| Ridgefield |
view large image
| || WAR MEMORIAL MONUMENT |
207 Main Street
Dedicated: July 4, 1925
Type: Bronze plaques on stone slab
Height: 8', 11"
WAR MEMORIAL MONUMENT, Ridgefield, is significant historically because it is a symbol of honor and respect, prompted by World War I, but offered to those who served in all wars, by the Ridgefield community.
The site selected served historically as a parade ground. The dedication ceremony on July 4, 1925, attracted hundreds of onlookers from Ridgefield and neighboring towns such as Danbury, Wilton, and Norwalk. Starting with a parade, the day included songs, prayers, and speeches. The Reverend James W. Davis of Bridgeport, state commander of the Grand Army of the Republic, who enlisted in the Civil War from Ridgefield some 60 years before, made a stirring address telling of the trials and tribulations of service in the Civil War. George L. Rockwell, author of a history of Ridgefield, and Captain Anson T. McCook of Hartford also were on the program.
WAR MEMORIAL MONUMENT, Ridgefield, is significant artistically because its front panel is an elaborate classical design executed in bas-relief. The complexity and great detail of the design reflect contemporary interest in, and approval of, works of art based on the Neo-Classical Revival. The provenance of the sculpture is not known.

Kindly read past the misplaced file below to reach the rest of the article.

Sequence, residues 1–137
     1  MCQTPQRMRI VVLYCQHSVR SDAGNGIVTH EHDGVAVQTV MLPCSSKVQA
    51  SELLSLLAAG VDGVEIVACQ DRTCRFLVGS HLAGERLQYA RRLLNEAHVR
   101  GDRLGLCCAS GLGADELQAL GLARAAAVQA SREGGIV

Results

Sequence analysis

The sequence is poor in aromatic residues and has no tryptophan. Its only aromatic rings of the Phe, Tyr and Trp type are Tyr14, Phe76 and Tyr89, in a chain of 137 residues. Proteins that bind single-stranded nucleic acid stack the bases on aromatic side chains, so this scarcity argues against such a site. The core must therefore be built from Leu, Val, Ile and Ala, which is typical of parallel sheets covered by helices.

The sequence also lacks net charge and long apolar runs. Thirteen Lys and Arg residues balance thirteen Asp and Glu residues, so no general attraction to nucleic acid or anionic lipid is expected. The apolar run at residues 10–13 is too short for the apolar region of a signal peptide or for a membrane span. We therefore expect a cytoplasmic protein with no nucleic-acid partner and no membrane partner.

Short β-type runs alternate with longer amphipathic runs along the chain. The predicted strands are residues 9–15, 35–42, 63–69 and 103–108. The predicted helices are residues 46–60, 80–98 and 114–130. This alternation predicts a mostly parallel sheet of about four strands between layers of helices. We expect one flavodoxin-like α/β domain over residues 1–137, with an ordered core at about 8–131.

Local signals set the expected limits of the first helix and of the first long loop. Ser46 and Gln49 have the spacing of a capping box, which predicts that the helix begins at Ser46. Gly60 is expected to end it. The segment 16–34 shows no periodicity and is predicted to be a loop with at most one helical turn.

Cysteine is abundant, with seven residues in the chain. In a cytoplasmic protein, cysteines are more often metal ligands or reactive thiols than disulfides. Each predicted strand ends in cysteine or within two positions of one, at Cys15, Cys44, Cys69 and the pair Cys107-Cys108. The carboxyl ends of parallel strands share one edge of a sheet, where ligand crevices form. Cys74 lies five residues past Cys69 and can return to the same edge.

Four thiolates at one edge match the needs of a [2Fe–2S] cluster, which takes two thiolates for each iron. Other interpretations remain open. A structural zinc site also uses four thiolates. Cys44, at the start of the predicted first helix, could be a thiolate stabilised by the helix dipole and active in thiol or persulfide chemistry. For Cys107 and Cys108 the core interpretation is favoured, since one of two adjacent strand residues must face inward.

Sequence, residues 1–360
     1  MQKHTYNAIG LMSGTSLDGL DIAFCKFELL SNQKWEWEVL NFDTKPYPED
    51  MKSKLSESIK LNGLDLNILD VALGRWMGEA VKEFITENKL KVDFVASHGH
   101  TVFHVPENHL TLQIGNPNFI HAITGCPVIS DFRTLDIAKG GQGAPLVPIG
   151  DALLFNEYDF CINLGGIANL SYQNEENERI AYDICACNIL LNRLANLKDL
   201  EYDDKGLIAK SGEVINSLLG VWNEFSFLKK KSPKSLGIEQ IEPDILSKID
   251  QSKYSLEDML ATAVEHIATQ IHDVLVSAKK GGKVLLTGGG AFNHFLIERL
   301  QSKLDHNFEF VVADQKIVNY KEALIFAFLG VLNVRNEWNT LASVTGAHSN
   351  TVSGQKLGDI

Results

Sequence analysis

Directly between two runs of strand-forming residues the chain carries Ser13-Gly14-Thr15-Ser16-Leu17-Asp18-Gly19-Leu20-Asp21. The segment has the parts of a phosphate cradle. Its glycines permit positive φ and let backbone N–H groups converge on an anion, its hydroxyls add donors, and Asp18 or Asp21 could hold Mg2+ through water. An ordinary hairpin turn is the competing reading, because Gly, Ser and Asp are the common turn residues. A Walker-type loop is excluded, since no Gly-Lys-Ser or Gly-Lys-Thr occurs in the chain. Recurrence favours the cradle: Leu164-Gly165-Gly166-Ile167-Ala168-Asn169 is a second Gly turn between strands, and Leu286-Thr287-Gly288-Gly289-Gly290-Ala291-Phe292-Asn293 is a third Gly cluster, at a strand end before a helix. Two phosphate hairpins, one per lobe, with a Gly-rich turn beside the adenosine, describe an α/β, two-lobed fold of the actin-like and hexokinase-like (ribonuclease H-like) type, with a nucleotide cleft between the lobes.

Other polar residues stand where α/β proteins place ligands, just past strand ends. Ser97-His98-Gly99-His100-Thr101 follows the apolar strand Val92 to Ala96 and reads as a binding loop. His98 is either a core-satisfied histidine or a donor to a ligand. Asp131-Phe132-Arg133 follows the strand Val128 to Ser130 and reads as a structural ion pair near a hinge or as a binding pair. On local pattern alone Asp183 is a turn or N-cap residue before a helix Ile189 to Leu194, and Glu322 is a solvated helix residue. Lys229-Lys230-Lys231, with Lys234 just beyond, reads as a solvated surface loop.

For a contemporary monument of similar intent, content, and size, but simpler artistic interpretation, see MONUMENT TO ALL WARS, Ellington.
WAR MEMORIAL MONUMENT, Ridgefield, is a large stone slab, possibly limestone, with bronze plaques on its four sides, mounted on a plinth. MONUMENT stands between the sidewalk and Main Street, facing east, at the end of Branchville Road/SR 102 in front of the Methodist Church, which is well set back behind an expanse of green lawn. MONUMENT belongs to the town, not the church. The vertical face of the plinth, 22 1/2" high, is shaped as a cavetto; at the north end the top projecting section of the molding is broken off. MONUMENT is dedicated to all Ridgefeld men who served in wars from 1775 through 1918.
The 50"-thick slab is set back 24" on all sides from the edge of the plinth. Principal aesthetic interest is in the front plaque, which features elaborate decorative motifs in bas-relief and the dedication sentiment recorded below. The dominating central horizontal panel within raised border has mirror images of cannon at right and left pointed toward a complex central trophy of flags. Vertical patterns of foliate and emblem patterns flank the panel and the lettering below it; the whole is enclosed in a raised egg-and-dart molding. The sides and bottom of this enframement are bordered by a prominent Greek key which in turn is flanked by vertical representations of propellers and Civil War cannon, over square rosettes.
The other three plaques are plain recessed panels framed by egg-and-dart borders. The top of the slab has a dentil course under a floral egg-and-dart motif raised on a cyma molding. The cornice is a plain vertical surface with band molding at the top.
Front (east) plaque, 46" x 89 1/2" x 1 3/4", raised caps:TO THE MEMORY OF THE
CITIZENS OF RIDGEFIELD
WHO SERVED THEIR COUNTRY
IN THE WARS OF THE REPUBLIC
1775 - 1918
ERECTED BY THE PEOPLE OF RIDGEFIELD MCMXXIV
North plaque, 40" x 24" x 2":CIVIL WAR
(2 columns of 63 names, 1 of 62)
West plaque, 11" x 12 1/2" x 2":WAR OF THE REVOLUTION
(3 columns of 48 names, 2 of 49)
WAR OF 1812 MEXICAN WAR
(5 names) (2 names)
South plaque, 40" x 24" x 2":SPANISH AMERICAN WAR
(3 columns of 49 names)
George L. Rockwell, The History of Ridgefield, Connecticut (Harrison, New York: Harbor Hill Books, 1979, reprint), pp. 325-327.